Emperor’s party? no thanks

Photo credit: http://www.chinesedragon.org.uk

By the 1860s, trade and political relations between Britain and China had thrived to an extent that China decided to establish an embassy in England: the Chinese government appointed the American, Mr Anson Burlingham, who in 1861 had been American ambassador to China. The officials of the new Chinese Embassy arrived from New York on the Cunard steamship Java, which arrived in the Mersey flying the Chinese flag.

Also in the ambassadorial party were two Chinese advisers, two secretaries (one Irish, one French), six Chinese interpreters, who spoke English, French and Russian, two Chinese writers, a Chinese doctor and 17 servants. All the Europeans had adopted Chinese names, and all wore Chinese dress.

Mr Earle, courier to the Embassy, had made reservations to stay at the Adelphi Hotel in Liverpool, before the party continued on to London. The procession from the ship up to the hotel in Lime Street of dignitaries, servants and vast amounts of baggage, caused quite a stir in the city, according to reports in the local paper.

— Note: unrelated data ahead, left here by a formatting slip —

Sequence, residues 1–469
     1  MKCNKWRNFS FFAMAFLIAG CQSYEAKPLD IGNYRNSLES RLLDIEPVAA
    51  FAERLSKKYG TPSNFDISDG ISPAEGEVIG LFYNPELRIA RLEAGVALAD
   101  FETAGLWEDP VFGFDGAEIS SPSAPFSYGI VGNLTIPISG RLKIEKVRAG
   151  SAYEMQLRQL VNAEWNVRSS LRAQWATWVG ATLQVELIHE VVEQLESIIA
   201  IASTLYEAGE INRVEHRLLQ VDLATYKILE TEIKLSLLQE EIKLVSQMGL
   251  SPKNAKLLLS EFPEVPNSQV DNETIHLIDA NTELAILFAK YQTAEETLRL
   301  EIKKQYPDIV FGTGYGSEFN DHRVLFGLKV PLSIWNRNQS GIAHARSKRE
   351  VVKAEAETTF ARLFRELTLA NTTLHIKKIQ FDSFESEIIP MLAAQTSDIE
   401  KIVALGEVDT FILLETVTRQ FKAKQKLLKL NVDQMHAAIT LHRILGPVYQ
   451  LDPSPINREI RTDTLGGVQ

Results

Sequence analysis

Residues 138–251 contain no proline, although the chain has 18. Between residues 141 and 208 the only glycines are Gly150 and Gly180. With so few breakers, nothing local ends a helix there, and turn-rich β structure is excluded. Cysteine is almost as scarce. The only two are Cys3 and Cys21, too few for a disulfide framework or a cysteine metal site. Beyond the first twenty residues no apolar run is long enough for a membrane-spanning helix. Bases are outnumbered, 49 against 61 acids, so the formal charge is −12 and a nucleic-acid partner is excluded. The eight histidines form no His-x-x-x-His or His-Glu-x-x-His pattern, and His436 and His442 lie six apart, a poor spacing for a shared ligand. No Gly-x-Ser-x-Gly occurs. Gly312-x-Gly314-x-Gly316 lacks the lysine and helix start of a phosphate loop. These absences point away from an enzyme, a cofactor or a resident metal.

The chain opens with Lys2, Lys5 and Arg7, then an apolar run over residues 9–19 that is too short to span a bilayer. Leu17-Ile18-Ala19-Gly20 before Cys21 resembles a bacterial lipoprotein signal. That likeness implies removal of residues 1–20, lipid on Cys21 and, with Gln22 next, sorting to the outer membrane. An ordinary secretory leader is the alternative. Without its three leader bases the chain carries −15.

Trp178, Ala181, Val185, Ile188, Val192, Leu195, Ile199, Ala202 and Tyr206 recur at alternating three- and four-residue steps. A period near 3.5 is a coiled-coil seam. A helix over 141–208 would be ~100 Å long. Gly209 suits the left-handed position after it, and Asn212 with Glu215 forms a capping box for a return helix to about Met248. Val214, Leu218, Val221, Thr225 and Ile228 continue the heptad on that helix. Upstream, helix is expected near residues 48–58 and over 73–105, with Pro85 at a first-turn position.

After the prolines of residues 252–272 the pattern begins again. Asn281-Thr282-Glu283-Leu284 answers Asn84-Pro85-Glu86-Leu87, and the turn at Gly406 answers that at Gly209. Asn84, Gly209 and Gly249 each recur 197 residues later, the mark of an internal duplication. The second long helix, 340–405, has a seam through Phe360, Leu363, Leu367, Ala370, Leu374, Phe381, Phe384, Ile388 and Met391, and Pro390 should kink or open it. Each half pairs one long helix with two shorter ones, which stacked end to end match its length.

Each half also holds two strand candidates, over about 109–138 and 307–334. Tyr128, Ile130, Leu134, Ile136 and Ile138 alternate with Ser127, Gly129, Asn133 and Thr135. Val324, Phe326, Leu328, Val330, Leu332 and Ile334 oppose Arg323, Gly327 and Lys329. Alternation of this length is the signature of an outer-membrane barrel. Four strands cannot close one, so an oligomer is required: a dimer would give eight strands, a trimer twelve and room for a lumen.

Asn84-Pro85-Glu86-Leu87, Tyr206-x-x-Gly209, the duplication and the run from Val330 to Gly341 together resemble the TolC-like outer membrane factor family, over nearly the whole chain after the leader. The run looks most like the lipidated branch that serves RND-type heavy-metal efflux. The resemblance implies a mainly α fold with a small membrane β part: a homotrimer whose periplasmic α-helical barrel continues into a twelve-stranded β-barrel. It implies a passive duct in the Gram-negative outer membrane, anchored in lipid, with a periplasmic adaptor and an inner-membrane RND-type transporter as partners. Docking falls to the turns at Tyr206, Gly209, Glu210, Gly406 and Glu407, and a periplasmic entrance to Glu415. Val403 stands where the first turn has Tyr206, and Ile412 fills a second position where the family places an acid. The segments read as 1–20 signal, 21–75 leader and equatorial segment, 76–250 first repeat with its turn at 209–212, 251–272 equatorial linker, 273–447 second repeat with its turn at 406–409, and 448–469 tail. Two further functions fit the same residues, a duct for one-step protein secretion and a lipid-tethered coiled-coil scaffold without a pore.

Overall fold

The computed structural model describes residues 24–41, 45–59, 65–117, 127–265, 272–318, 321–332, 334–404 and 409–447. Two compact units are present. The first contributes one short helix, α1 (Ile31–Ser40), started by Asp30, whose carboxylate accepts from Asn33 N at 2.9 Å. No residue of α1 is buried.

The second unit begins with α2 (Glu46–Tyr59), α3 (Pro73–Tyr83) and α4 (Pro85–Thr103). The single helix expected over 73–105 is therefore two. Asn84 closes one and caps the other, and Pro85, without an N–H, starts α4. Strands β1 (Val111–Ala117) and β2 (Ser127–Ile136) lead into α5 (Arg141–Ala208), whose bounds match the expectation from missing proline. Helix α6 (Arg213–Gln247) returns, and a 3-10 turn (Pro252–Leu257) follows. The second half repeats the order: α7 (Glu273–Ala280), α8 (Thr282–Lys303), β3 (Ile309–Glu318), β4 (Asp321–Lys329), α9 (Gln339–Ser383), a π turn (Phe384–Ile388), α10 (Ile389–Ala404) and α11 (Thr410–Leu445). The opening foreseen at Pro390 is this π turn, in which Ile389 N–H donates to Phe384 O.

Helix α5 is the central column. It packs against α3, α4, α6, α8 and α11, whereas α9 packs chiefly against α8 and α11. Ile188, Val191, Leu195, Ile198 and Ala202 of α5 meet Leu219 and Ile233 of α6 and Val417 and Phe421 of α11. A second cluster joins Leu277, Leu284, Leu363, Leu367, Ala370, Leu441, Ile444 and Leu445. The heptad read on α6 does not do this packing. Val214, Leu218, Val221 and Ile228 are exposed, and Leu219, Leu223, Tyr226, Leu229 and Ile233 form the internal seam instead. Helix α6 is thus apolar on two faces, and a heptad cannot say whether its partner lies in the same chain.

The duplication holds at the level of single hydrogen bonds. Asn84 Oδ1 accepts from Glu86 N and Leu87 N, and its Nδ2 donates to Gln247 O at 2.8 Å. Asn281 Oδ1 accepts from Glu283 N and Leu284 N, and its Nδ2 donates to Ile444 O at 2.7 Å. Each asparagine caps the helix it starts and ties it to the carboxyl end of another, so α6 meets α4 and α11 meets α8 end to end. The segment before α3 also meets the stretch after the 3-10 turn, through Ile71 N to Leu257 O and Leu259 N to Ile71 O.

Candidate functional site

But to the huge embarrassment of all concerned, there were ‘misunderstandings’ (as the newspaper chose to put it) at the Adelphi over the party’s suitability as guests, so the Chinese Emperor’s American-born Ambassador and his cosmopolitan entourage were forced to stay at the Washington Hotel instead.

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